East: Report Criticises Ambulance Service

11 June 2013, 14:53 | Updated: 11 June 2013, 15:14

East of England Ambulance Service

A report has heavily criticised the East of England Ambulance Service for failing to listen to staff, and for failing to meet response time targets.

The East of England Ambulance Service NHS Trust has faced criticism for failing to get to patients in a timely fashion, hospital handover delays and poor staffing levels over the last 18 to 24 months. 

A new report into the service says that it is 'suffering with sub standard operational performance' and has recommended that managers act 'urgently'' to restore the achievement of response time targets and get new paramedics into the organisation 'as soon as possible'. 

In April the trust, which caters for almost six million people across Bedfordshire, Cambridgeshire, Essex, Hertfordshire, Norfolk and Suffolk, admitted that it is not delivering its 999 service 'well enough', saying that it was letting both 'patients and staff down'. 

It said that it does not have enough staff to meet response time targets for the highest priority emergency calls - the most critical calls which cover patients who have stopped breathing and do not have a pulse. 

In 2012/13, only 74.3% of patients were reached within the eight minute target time. 

It also missed response time targets for 'Red 2' calls, which are serious but less immediately time critical and cover conditions such as stroke and fits. 

East of England Ambulance

The trust also admitted failing to get stroke patients to hospital within an hour - in January this year, only 47.6% of patients were transported to a hospital within 60 minutes. 

During 2012/13 it also failed to meet the targets for serious but non-life threatening calls, classed as 'Green calls', which require an emergency response to arrive in 20 minutes. 

The latest report, conducted by Doctor Anthony Marsh on behalf of the NHS Trust Development Authority, says that for Green calls, some senior people at the trust 'don't even know what the targets are, let alone how the trust performs against them'. 

Dr Marsh, who is chief executive of West Midlands Ambulance Service NHS Foundation Trust, wrote: 'There is a feeling across the organisation that the trust board does not listen, and that leadership does not come from board level, this can be evidenced in the fact that the board have only recently accepted that there is a shortage of front line ambulance crews within the trust yet managers state they have been raising this for some time.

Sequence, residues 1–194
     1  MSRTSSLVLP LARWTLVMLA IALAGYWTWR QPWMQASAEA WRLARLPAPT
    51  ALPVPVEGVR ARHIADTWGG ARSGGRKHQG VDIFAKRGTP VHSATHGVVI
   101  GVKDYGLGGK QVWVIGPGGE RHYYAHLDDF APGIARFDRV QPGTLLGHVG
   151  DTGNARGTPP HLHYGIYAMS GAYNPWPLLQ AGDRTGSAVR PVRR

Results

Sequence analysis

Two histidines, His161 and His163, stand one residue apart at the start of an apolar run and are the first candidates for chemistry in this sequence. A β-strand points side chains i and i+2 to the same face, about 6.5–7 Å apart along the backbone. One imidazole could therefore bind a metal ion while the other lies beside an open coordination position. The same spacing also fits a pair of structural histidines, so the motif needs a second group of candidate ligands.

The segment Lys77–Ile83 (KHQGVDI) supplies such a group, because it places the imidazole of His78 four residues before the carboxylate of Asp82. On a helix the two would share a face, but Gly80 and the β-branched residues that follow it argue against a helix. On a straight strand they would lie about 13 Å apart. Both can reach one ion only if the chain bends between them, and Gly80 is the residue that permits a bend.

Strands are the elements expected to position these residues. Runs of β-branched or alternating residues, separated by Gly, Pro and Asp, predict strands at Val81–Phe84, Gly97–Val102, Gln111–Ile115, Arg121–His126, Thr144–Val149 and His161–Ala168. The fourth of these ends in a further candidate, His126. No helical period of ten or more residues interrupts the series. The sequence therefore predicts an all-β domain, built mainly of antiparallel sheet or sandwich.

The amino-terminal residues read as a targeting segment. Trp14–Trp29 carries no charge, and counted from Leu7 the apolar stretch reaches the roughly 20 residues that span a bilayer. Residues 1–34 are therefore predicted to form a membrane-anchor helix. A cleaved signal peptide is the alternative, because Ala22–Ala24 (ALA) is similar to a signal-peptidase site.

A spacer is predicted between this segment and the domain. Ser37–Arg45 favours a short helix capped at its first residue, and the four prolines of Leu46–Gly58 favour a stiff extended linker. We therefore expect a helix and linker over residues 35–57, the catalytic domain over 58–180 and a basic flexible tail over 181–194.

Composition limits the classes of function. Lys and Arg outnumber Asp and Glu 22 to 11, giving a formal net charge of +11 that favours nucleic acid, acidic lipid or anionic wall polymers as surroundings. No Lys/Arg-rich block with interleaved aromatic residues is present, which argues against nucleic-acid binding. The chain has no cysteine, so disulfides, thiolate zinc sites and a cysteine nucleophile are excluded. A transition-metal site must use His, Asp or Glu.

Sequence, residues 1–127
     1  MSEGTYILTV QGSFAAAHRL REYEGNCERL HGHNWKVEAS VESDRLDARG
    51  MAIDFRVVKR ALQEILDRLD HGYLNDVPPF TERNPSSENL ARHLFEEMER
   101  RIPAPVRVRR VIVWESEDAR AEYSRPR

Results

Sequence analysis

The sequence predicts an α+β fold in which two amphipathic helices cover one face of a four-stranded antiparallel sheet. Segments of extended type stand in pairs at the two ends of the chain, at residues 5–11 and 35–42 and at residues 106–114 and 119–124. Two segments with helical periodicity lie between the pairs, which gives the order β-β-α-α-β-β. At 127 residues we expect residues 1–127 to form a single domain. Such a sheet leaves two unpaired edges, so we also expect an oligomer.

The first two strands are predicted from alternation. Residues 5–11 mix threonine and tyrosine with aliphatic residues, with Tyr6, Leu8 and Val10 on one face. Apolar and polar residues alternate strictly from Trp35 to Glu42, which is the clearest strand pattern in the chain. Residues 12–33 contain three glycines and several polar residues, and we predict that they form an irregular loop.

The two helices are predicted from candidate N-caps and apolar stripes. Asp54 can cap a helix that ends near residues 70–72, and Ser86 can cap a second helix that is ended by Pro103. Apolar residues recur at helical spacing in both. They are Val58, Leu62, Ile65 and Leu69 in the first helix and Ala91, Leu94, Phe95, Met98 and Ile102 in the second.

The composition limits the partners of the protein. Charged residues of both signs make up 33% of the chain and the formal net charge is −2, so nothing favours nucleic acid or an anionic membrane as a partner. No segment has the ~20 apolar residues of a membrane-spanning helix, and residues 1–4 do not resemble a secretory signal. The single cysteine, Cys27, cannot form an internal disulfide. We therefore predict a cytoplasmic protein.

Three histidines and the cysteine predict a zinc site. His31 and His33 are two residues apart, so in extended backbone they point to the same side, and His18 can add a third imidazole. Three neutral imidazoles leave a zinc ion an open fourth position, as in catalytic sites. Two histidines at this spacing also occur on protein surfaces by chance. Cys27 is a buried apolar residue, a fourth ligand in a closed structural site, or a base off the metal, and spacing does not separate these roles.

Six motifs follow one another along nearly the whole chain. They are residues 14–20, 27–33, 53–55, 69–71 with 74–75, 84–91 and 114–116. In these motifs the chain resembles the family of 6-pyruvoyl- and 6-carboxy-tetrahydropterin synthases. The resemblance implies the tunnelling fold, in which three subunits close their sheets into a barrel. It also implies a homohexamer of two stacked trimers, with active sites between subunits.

East of England Ambulance Service

Despite this recognition, there are still plans to recruit £350k worth of non-operational staff to the trust. 

This funding would be far better utilised recruiting further front line paramedics, providing patient care and meeting response times. 

Furthermore, there is a risk that recruiting to some of the advertised additional management posts will come from internal front line operational and clinical staff, thus reducing even further the available front line ambulance crew workforce.'' 

He adds that there is a 'lack of accountability' at the trust which has led to 'critical decision-making ceasing in some areas'. 

In his report, Dr Marsh made 25 recommendations to turn around the trust's poor performance including an urgent recruitment drive to fill the 400 front line vacancies.

He also said that managers should devise an action plan to restore the achievement of local and national targets 'as a matter of urgency'. 

East of England Ambulance Service

Directors need to be 'very clear of what is expected of them' and the board should 're-state the purpose, vision, values and strategic objectives of the organisation with energy, ambition, leadership and focus' he said. 

Dr Marsh wrote: 'The current trust board and senior management team appear to have developed a sense of 'helplessness', ie it is what it is. 

It is my opinion that the board have not been taking both the responsibility collectively as well as they could or should have and that board members have not been held to account as robustly as I believe is required when an organisation is in a position such as this.'' 

Following an unannounced inspection of the service in February, health watchdog the Care Quality Commission concluded that the trust was failing to meet the quality standard of 'care and welfare of people who use the services' - the first time an ambulance trust has ever failed this standard. 

Doctor Geoff Harris, the trust's new chairman who was appointed by the NHS Trust Development Authority just two weeks ago, said: "One of the first tasks will be for me, with the board, to review the findings of this report and submit a formal response to the NHS Trust Development Authority. 

Any changes needed to our existing turnaround plan, which the trust published in April, to incorporate the recommendations will be implemented promptly. 

In addition, the findings of the clinical capacity review currently underway will identify what resources the trust needs to meet patient demand and how those resources should be deployed to best effect. 

The trust's turnaround plan has recognised many of the issues we need to address and we are focussed on implementing this, together with recommendations from the governance review to improve services for our patients.''